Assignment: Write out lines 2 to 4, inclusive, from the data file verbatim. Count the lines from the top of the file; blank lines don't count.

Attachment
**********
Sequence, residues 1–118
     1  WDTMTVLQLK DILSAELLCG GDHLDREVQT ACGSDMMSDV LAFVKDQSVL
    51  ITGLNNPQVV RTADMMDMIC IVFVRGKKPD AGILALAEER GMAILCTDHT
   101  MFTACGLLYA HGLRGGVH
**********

     1  WDTMTVLQLK DILSAELLCG GDHLDREVQT ACGSDMMSDV LAFVKDQSVL
    51  ITGLNNPQVV RTADMMDMIC IVFVRGKKPD AGILALAEER GMAILCTDHT
   101  MFTACGLLYA HGLRGGVH